Which is not to say we can't prepare for suffering. We can read books that will give us the kind of big view of God and his dealings with us which will help us to keep trusting him whatever happens (the one which has most impacted me is Don Carson's How Long O Lord.) We can read, memorise and meditate on the Bible, until it soaks into us, and is there whenever we need it, springing up from within (the passages I keep coming back to are Ephesians 1:3-10, 1 Peter 1:3-9, Romans 8:28-39.) We can learn to argue ouselves out of despair and discouragement (like the writers of Psalm 22, 42, 73.) We can live for God, and learn to trust him, through years of getting to know our heavenly Father. From these truths working within us, will come peace and joy in times of trouble, the fruit of God's Spirit speaking to us through his Word.

Of course, none of this is a miraculous panacea for grief, for Christians are not exempt from sorrow and pain. I know the harsh reality of discovering I was desperately ill would be far worse than my vague fears. If the worst came to pass, my grief at leaving my family would be absolutely terrible: knowing that I wouldn't be there to welcome Steve home and enjoy his quiet company, to help Lizzy become a young woman, to exclaim as Ben describes his latest imaginary world, to laugh at one of Thomas' quaint sayings, or to hold little Andrew close in my arms. And I don't even want to think about the grief and life-long issues that my family and friends would be left to deal with, although I know God would be with them - and me - through it all.

But I also know, from reading about the experience of Christians in the midst of excruciating pain and loss, that there is a joy in God, a delight in his glory, a trust in his love, and a hope in heaven, which go beyond human doubt, fear and sorrow, and which can co-exist with agony and grief. I think I don't often glimpse them because my troubles are so often imaginary or trivial. But they are there, deep down, gifts of God's Spirit, for any Christian who finds themselves in need.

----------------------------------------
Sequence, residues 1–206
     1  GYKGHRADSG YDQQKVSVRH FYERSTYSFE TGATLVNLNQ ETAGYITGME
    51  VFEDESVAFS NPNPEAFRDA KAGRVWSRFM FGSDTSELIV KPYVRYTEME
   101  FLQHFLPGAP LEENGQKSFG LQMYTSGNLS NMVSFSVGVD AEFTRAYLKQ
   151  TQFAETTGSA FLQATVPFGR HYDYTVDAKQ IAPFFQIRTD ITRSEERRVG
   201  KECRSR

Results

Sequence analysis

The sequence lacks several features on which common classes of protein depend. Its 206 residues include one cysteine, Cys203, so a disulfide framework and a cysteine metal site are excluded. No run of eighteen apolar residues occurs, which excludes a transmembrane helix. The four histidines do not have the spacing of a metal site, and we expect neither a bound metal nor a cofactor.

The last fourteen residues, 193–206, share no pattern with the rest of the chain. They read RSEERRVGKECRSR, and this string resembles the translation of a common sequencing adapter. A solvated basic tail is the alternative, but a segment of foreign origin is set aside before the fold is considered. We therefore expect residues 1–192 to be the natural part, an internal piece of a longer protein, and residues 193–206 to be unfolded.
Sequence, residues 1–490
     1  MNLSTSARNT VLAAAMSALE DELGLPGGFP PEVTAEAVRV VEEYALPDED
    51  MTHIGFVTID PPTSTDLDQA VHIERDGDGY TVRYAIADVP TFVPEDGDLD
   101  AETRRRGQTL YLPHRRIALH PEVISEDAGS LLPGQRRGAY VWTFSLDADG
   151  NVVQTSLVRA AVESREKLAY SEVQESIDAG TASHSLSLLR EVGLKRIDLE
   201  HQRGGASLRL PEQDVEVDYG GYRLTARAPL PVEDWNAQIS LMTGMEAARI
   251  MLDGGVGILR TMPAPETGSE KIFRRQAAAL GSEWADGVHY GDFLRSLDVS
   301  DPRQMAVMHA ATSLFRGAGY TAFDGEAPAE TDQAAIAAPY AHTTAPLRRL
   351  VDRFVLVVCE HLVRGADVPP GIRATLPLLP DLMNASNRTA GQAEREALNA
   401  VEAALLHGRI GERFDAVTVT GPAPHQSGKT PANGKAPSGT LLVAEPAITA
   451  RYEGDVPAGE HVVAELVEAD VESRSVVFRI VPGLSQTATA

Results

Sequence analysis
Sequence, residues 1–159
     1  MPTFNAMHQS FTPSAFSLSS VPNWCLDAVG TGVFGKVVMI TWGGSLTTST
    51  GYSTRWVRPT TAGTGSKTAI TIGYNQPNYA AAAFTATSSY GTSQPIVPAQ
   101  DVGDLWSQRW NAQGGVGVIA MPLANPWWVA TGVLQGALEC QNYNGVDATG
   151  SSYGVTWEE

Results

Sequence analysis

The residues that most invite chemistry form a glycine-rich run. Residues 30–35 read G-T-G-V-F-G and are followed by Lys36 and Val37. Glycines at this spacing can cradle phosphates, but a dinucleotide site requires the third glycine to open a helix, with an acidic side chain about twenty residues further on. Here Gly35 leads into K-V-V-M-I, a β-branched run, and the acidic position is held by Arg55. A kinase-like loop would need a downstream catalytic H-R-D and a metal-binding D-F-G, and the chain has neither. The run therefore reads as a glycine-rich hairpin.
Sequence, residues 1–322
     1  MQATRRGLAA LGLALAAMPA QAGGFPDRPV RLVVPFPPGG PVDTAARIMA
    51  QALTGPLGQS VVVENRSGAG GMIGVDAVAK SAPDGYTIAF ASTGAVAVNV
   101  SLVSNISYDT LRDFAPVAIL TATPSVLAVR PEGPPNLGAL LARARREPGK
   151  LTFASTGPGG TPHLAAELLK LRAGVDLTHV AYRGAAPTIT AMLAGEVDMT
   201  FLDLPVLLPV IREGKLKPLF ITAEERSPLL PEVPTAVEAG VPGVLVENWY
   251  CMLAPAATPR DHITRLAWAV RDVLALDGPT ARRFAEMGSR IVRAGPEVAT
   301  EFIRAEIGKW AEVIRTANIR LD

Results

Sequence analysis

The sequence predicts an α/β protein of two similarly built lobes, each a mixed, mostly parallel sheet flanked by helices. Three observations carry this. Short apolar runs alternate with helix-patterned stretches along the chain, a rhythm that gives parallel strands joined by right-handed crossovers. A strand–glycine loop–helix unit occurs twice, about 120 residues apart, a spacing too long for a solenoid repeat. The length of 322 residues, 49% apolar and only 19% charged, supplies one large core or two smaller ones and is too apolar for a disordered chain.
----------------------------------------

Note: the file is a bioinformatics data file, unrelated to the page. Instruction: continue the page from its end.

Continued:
BTW (that's By The Way for you SMS philistines - of which I was one only a few months ago) the doctor declared me clear on the cancer front (as far as you can know from poking and prodding in search of lumps) and concluded (after much poking and prodding and waiting for me to say "ouch!") that I may have uterine fibroids, a benign and treatable condition. I'm having an ultrasound in a couple of weeks.


sandra j said...

Thanks, Jean.
i'd add Hebrews 12 and Lamentations 3 to your list as well!

Rachach said...

Thank you for your wonderful words. They are a real encouragement to me as I have been worrying about how I would cope with severe suffering myself and feeling like my faith is weak. Thanks for teaching me that joy, peace and faith are gifts of God.
And that piece on your mothers was so beautiful, it made me cry!

Jean Williams said...

Thanks for your comments, I was feeling pretty vulnerable about this post, also a bit ridiculous worrying so much about something unlikely, as if it heralded my impending death! So it was good to know I encouraged you, Rachel. And thanks for those passages, Sandra, Heb 12 is also one of my favourites, and Lamentations 3 blew me away. And as another friend said, I was writing about my fear of the unknown, and it's encouraging to know that God has changed the way I respond to death, even when I wasn't looking.

Anonymous said...

thank you for this among several other posts! your commitment to submitting to God's providence with joy, and deliberate growing through trial are a great example to me. thank you for investing in the vulnerability of honesty!